Red beans with chickpeas and chorizo is the kind of hearty stew that a Galician or Andalucian farmer might eat before setting out to plough a field with oxen, in a time before tractors. Being made with beans, chickpeas and potatoes the stew provides carbohydrate energy for extremely hard work on a low budget. Dried beans and chickpeas make up the bulk of the stew, other vegetables are seasonal and chorizo contains the flavour and protein. Cured chorizo is a fantastic ingredient which keeps for long periods of time – I sliced up a whole sarta chorizo picante (horseshoe shaped – both ends tied together with string) for an indulgent meal, but when times were hard a farmer or shepherd might only have used an inch.
Chickpeas were domesticated many millennia ago between Turkey and Jericho. They are a staple food throughout the Mediterranean and India.
Beans of all types are incredibly popular in Spain, most of which arrived after the discovery of the New World – the common Mediterranean bean before that time was the fava or broad bean, first domesticated in Israel 10,000 years ago. Spanish alubias rojas are a small red bean (similar to red kidney beans, but rounder) grown in the north of Spain. Use red kidney beans if the Spanish variety is unavailable.
I particularly like the texture of beans and pulses cooked from dried – they have more bite, whereas tinned are softer. Using a pressure cooker means that dried legumes can be reconstituted without a long overnight soak. Immerse in water overnight, if you wish, or cook as per your pressure cooker instructions and do feel free to substitute canned pulses.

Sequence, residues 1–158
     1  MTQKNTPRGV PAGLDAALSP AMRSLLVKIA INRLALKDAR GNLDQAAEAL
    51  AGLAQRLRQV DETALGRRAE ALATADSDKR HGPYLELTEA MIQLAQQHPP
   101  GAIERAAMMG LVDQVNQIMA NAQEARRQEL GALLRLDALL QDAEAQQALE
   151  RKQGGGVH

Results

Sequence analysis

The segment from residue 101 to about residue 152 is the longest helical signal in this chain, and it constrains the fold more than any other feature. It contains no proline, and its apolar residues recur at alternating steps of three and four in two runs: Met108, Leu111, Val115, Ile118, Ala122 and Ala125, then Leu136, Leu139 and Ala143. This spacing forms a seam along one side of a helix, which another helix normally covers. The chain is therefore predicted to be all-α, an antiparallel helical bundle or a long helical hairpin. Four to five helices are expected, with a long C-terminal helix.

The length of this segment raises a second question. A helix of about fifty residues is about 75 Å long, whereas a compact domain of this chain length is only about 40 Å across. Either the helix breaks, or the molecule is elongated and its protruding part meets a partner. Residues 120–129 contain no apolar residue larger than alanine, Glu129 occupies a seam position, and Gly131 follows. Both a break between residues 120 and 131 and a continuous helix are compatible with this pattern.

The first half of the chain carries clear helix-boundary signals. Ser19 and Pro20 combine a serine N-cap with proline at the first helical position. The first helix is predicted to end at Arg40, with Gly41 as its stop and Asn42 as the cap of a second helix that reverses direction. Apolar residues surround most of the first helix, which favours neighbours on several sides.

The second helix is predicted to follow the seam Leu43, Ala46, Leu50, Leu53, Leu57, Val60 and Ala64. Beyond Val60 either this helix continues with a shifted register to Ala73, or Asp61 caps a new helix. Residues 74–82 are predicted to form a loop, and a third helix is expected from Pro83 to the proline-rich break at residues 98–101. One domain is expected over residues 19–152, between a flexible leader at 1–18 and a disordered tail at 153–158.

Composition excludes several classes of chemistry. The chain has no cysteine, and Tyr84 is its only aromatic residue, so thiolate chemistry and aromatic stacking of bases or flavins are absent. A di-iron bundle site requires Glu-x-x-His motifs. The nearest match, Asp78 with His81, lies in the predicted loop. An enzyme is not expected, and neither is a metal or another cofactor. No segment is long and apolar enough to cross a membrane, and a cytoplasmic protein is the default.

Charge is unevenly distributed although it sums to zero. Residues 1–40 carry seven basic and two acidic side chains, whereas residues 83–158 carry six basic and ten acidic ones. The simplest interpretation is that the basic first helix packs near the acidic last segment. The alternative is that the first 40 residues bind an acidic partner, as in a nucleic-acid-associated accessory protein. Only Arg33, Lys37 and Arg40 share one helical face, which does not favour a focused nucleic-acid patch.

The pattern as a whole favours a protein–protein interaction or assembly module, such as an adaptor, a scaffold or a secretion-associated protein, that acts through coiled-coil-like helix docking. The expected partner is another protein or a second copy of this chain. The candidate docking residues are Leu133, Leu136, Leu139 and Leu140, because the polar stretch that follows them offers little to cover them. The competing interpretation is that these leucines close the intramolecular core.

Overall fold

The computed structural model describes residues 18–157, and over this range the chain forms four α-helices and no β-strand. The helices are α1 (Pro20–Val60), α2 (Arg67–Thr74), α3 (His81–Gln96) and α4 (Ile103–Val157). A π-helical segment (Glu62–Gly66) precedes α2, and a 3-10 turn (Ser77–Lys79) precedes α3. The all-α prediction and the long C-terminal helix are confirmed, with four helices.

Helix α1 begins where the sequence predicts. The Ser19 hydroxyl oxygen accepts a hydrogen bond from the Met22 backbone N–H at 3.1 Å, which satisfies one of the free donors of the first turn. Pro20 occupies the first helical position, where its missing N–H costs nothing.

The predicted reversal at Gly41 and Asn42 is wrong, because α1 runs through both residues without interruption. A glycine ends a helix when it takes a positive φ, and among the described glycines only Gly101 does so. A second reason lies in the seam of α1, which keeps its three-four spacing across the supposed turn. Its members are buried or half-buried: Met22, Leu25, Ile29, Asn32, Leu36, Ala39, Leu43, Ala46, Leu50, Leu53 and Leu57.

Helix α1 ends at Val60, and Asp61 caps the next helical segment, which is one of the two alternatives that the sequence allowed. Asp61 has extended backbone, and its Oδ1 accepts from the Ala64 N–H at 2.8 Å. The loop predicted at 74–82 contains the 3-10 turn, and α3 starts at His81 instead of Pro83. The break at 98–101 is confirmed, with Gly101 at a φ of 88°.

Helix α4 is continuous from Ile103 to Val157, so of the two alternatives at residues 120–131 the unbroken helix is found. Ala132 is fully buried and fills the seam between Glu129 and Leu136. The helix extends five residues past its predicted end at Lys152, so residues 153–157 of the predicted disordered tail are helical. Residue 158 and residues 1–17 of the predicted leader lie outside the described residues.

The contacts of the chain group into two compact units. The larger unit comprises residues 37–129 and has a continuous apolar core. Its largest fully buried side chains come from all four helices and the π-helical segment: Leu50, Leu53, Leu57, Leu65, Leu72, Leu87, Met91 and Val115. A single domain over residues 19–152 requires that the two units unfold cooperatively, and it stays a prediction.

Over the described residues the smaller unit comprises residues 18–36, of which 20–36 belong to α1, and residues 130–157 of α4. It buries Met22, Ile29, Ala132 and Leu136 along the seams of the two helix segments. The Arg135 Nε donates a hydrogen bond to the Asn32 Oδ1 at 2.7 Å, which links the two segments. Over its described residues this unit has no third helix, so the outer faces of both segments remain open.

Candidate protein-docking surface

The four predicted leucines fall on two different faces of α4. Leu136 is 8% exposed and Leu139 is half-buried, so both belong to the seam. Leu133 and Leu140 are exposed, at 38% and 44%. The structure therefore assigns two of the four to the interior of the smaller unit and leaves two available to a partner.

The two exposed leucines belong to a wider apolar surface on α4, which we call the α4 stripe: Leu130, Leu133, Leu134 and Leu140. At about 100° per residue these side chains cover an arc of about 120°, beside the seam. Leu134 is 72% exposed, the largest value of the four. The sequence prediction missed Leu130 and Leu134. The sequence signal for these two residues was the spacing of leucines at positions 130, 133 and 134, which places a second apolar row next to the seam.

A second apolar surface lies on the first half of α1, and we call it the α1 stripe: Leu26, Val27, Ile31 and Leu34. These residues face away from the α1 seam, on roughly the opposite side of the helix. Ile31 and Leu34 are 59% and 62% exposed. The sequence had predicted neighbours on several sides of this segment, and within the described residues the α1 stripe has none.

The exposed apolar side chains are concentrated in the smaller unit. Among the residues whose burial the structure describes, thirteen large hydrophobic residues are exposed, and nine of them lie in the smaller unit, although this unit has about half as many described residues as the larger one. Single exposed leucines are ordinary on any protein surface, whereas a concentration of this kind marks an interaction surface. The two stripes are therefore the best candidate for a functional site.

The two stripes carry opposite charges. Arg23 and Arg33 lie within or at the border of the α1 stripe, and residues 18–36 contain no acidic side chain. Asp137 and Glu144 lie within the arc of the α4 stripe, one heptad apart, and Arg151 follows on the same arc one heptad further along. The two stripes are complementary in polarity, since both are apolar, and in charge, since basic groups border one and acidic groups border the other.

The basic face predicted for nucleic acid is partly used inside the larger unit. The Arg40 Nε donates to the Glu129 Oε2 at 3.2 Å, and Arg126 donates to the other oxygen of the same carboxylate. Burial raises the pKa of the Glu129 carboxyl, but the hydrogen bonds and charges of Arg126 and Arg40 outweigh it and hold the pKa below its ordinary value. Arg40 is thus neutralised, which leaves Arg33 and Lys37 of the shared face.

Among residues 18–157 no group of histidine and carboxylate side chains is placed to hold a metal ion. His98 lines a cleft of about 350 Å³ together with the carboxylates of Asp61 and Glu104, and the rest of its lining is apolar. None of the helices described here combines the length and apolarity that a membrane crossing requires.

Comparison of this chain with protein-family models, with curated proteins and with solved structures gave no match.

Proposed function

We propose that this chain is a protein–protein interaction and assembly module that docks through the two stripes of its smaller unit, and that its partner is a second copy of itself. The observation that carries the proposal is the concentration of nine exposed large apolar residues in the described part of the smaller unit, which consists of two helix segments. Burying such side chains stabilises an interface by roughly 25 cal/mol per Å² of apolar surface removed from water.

Alubias Rojas con Garbanzos y Chorizo receta (serves 4):
1 hot chorizo ring (sliced)
2 slices of smoked streaky bacon (chopped)
1 large onion (chopped)
6 cloves garlic (finely chopped)
4 large ripe tomatoes (grated)
1 carrot (chopped)
1 medium to large potato (cubed)
1 green pepper (chopped)
250g dried chickpeas (double the weight for tinned)
250g dried red beans (double the weight for tinned)
1/2 teaspoon pimentón de la Vera dulce
1 teaspoon pimentón de la Vera picante
2 dessertspoons sherry vinegar
1 pint chicken stock
2 large squirts anchovy paste
2 bay leaves
a dessertspoon chopped parsley
cracked black pepper (to taste)
Extra virgin olive oil
Slice the chorizo about 1/2 an inch thick (0.5 cm) and brown in hot olive oil. Remove to a plate when done.
Do the same with the chopped bacon.
Turn the heat down and gently poach (sofreír) the chopped onion, until it is soft. This will take 20 minutes or so.
When the onion becomes sticky, grate in 4 tomatoes – cut them in half, shred the wet side and discard the skin.
Stir the tomato in, along with the chopped garlic.
Return the chorizo and bacon to the dish along with the pimentón.
Mix in the green pepper and carrot,
Add the beans, chickpeas and stock – cover and allow to simmer for a couple of hours, until the stew becomes thick and unctuous.
Check the seasoning and sprinkle some parsley on top before serving with crusty sourdough bread. I recommend that you wash this down with a glass of the funky red Pim Pam Poom from Saó del Coster in the Priorat wine region of Cataluña.